A few weeks later nine students from the community arrived at the Continental Trailways bus station, attempting to sit down in the white waiting room. They did leave when asked to but on November 22, three high school student from the NAACP Youth Council returned to the bus station. They refused to leave the dining room and were arrested. Thus started a string of protests challenging segregation. After an integrated group from Atlanta arrived and were arrested, over four hundred high school students were arrested as they marched through the town. In December, Martin Luther King arrived at the invitation of a classmate from Morehouse College in Atlanta and that night he addressed a huge mass meeting at the Shiloh Baptist Church. Because the crowds were so large, he later spoke to another group at the Mount Zion Baptist Church just across the street. The night was filled with music and song, giving rise to the Freedom Singers, who toured the country with their songs encouraging everyone to overcome segregation.

That evening we were privileged to hear an astounding performance of some of the original freedom singers, led by Rutha Harris, in the Mount Zion Baptist Church, now part of the Albany Civil Rights Museum. They had driven from Montgomery just for our small group, picking up a speeding ticket on the way. I shiver at the thought of a car filled with black people, speeding through the night during the early days of the movement and can only imagine what their fate might have been.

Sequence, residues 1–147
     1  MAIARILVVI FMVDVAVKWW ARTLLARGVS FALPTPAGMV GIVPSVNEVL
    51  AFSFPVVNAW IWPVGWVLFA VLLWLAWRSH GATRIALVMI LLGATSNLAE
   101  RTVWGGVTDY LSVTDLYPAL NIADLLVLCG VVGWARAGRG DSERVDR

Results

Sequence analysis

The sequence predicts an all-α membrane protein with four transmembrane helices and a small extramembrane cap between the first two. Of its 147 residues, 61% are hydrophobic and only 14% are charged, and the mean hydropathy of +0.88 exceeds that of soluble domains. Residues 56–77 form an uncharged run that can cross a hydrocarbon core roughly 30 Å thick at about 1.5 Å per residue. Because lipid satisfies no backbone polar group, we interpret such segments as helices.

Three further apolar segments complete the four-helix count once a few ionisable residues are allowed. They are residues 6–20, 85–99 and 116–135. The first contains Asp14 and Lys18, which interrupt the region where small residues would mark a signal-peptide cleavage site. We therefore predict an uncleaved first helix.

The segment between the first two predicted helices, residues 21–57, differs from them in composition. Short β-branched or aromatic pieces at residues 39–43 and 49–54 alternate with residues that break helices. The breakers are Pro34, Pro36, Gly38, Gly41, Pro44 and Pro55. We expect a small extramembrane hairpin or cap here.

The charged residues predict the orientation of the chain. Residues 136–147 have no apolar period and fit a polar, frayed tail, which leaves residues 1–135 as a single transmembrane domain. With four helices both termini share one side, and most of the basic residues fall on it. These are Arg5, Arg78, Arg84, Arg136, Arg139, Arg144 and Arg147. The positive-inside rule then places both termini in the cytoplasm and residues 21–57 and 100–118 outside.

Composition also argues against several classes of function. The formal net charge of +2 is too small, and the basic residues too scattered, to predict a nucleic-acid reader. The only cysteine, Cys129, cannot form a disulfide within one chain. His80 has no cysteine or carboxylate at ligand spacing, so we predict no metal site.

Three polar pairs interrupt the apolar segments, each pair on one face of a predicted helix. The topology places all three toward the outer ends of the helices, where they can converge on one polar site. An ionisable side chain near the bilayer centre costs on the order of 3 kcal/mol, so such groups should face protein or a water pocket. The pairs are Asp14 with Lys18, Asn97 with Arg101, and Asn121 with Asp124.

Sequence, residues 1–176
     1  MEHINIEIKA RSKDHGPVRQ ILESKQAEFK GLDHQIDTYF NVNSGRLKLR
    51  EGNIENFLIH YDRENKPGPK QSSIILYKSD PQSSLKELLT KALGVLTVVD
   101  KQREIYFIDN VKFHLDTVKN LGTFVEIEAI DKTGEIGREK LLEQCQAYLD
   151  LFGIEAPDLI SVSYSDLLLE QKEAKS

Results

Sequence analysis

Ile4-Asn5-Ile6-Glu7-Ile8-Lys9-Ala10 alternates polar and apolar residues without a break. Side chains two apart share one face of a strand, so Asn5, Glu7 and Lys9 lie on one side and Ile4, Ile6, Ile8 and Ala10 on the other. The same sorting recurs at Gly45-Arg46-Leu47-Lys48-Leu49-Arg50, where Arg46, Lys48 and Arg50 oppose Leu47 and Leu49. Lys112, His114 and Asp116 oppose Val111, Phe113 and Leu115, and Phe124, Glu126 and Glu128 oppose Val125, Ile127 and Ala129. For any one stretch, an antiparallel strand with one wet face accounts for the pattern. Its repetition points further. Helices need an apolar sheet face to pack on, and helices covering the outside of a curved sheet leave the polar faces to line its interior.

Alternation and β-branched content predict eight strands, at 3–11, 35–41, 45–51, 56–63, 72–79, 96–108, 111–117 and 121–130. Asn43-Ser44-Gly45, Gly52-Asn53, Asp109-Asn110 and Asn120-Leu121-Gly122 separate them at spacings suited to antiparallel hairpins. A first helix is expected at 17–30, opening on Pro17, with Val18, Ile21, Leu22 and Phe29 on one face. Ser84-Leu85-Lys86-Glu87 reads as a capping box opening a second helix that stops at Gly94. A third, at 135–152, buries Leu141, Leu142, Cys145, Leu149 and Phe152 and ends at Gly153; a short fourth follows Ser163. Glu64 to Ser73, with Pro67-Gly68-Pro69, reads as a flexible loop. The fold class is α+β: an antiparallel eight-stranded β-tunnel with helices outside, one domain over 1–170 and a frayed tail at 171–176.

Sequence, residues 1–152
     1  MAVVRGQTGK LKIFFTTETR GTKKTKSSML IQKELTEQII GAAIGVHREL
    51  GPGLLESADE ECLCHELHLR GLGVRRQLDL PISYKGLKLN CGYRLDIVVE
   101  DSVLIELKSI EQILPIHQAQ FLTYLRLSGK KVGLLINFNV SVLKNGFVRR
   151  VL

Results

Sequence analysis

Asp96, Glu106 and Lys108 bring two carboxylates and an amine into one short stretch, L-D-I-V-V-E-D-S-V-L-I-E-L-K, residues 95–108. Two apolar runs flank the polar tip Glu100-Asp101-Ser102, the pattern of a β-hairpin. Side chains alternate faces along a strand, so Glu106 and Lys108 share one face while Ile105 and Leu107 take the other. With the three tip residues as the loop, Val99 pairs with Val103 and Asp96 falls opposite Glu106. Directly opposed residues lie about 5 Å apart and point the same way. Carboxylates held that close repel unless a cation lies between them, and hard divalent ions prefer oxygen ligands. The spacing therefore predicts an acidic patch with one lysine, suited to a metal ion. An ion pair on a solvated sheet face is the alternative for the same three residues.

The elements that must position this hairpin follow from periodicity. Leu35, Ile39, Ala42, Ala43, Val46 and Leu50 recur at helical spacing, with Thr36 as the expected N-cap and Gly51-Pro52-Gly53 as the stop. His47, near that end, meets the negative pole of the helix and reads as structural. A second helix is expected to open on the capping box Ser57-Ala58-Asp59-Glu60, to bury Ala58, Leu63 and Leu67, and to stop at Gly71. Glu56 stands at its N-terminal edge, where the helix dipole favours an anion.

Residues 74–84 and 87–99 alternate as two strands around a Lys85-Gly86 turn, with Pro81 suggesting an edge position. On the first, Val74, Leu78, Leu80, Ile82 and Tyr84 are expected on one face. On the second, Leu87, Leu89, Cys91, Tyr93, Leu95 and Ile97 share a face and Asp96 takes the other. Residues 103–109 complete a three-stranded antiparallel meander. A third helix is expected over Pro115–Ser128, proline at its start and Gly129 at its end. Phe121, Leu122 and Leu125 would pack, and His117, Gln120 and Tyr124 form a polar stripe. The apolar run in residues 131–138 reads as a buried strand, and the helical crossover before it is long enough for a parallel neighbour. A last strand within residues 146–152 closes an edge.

My hunger for music sated, I crash into bed after checking in at our hotel.  Next time:  About The Bus.

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2 Responses to Civil Rights Tour, Part 2

  1. patricia says:

    My son was 2.5 year old when Dr.King was shot. Myhusband was in the hospital for a surgery at the time and we lived in the innercity. There was talks of riots and the black lodge brothers from the Masonic Temple came and stayed with my son and I to make sure nothing happened to us. I will never forget.

    • jzrart says:


      I’d love to hear your story and encourage you to write about it. Yours and the stories of others help to keep us committed to the work still ahead.